Entering Satuday’s matchup with the 13th ranked Dayton Flyers, the Colorado Buffaloes needed to have their most complete game of the season to pull off the neutral-site win. Powered by TadBall at its finest, the Buffs beat up the Flyers, got just enough scoring to hang in, and D’Shawn Schwartz’s buzzer-beater saved the day. It was one of CU’s best wins in the Tad Boyle era, considering the opponent, the enviroment, and how the Buffs got the win.
McKinley Wright is the central star
In Colorado’s loss to Kansas, Fran Fraschilla criticized the Buffs for having lots of “Pac-12 guys” but no primary option. During the early non-conference schedule, that was very well true. The Buffs have struggled all season to get in a flow and part of that is their star players being inconsistent on offense and not always wanting to take control. The solution was always going to be McKinley Wright, who typically starts slow before realizing he has to take over for the Buffs to score.
As we all know, Wright has a history with Dayton. He originally committed, but opted for CU after Archie Miller left Dayton for the Indiana job. Wright knows all the Dayton players, their fans know and hate him, and he’s played his hardest against them in both the NIT last March and this past Saturday. That’s the Wright the Buffs need going into Pac-12 play. He torched Dayton with his first step, continually knifing his way into the lane for floaters and acrobatic layups. His 29 points were tied for a career-high, and even if we don’t see him shoot as prolifically, the Buffs are best when he’s playing with a chip on his shoulder.
Moving forward, Wright has to occupy that aggressive mindset. The Buffs won despite shooting terribly from the field, clutch plays withstanding. Tyler Bey will be better when he’s not expending all energy guarding Obi Toppin. Lucas Siewert has been great this year, but the other shooters, Maddox Daniels and Shane Gatling, aren’t providing any value if they’re shooting under 30% from deep. Daylen Kountz is still lost in the wild, and Eli Parquet is a defense-only player at this point. All of this should improve as the season progresses, especially if Wright is in control and the Buffs limit their giveaways.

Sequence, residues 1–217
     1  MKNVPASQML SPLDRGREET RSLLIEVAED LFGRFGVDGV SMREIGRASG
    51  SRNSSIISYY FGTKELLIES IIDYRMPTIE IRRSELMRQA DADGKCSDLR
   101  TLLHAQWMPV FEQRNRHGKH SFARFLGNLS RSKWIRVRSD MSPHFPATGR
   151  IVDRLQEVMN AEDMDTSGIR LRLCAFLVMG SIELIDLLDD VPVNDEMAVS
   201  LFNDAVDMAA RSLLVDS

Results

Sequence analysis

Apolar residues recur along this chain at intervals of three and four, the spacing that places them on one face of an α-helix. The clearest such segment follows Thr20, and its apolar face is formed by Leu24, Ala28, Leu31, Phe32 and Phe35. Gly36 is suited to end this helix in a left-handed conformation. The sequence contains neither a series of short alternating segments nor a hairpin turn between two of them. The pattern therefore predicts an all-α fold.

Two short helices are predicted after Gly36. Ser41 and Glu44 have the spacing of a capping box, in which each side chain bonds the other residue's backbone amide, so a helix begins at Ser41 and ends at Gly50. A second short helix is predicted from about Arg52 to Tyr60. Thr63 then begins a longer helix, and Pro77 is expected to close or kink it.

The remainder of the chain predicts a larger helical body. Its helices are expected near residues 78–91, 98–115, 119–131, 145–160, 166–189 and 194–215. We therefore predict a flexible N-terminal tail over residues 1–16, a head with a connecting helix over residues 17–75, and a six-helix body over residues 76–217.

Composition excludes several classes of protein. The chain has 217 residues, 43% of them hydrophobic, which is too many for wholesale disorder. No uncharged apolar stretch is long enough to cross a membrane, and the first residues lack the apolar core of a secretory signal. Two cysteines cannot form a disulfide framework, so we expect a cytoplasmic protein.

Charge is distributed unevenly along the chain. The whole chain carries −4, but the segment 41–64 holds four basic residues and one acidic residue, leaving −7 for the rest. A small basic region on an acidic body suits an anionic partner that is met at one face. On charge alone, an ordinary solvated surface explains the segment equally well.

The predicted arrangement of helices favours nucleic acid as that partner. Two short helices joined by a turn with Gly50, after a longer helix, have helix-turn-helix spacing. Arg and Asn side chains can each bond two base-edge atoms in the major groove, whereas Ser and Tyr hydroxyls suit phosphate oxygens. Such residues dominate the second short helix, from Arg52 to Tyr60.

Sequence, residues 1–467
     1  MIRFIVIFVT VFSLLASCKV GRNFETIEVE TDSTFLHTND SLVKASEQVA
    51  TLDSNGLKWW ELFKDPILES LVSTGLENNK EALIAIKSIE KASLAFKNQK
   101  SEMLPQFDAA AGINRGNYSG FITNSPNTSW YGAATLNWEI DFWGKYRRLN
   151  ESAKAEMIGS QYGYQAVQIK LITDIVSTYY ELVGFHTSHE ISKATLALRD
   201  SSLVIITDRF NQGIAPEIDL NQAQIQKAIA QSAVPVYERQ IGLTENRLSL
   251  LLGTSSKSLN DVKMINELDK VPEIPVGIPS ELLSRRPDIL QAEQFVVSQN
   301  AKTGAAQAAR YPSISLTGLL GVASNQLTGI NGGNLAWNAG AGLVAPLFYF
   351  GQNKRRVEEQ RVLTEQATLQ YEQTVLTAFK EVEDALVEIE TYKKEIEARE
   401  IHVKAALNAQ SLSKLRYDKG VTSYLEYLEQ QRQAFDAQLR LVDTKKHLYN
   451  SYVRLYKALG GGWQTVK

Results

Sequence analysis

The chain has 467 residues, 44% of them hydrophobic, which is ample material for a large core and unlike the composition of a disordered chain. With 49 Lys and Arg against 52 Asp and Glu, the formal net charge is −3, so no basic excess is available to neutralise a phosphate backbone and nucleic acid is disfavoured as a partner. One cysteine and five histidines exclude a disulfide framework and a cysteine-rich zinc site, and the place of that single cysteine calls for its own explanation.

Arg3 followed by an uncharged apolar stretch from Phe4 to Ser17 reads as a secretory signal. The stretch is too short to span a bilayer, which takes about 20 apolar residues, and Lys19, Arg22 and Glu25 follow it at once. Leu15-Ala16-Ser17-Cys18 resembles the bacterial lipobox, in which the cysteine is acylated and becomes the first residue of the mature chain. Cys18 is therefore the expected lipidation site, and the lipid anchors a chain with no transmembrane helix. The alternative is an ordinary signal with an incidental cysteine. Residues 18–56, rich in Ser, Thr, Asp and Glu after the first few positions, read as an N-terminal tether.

This team is the epitome of TadBall. They all know their defensive rotations, force turnovers without gambling, box out like their life depends on it, turn the ball over every 20% of their possessions, and score half their points on offensive rebounds. It’s not pretty basketball, but it’s effective. It works on the road and it works against top-flight teams that would rather play the beautiful game than get stuck in the mud.
Dayton is exactly the kind of fine tuned machine that TadBall is meant to destroy. The Flyers hit a bunch of tough shots at the beginning of the game, but once those stopped falling, they couldn’t find any clean looks, and they certainly weren’t going to get any offensive rebounds. CU turned misses and turnovers into transition opportunities, an area they aren’t particularly good at, but it’s better than their half-court offense.
The Buffs shot 39.7% from the field and 28% from three, yet they still scored 78 points. That’s because they earned fouls and grabbed offensive rebounds, outscoring Dayton 33-16 on free throws and second chance points. CU basically just threw it at the rim because they knew they would either be fouled or Evan Battey would get the rebound. Shooting doesn’t always travel, so those are the grimy points CU relies on, much to the disdain and disgust of everyone watching.
CU gains momentum
Heading into the season, we had Tournament-or-bust aspirations. Those came about because the Buffaloes are an experienced team with star power, they have a resume-conscious schedule that would test them early, and a top-heavy Pac-12 that would provide resume-boosting wins as well as quantity of wins. The Buffs had rough patches throughout the non-conference schedule, most notably the home loss to Northern Iowa, but everything is back on track after the Dayton win.
The Buffs are 10-2 with quality wins over Dayton in Chicago, Arizona State in Shanghai, Clemson in Las Vegas, and Colorado State in the riot box. For a team with a pronounced home advantage, it’s critical to win away from home, partly for the resume and mostly for team-building adversity. CU has been tested in almost all their games, and while they got beaten up by Kansas and lost to Northern Iowa, they are playing high-stakes basketball in difficult environments. That will serve them well in March.
All things considered, Colorado will enter Pac-12 play at 11-2 (assuming a win over Iona on Dec. 29th) needing to go 9-9 or 10-8 to all but guarantee a tournament bid. The Pac-12 is deeper than expected — USC, Stanford and Oregon State have all surprised — but the Buffs have a schedule that’s more favorable than usual (i.e. they don’t play 6 of their first 8 games on the road). If Colorado continues to play as well on the road, 10-8 should not just be attainable, but the Buffs could seriously contend for a Pac-12 title.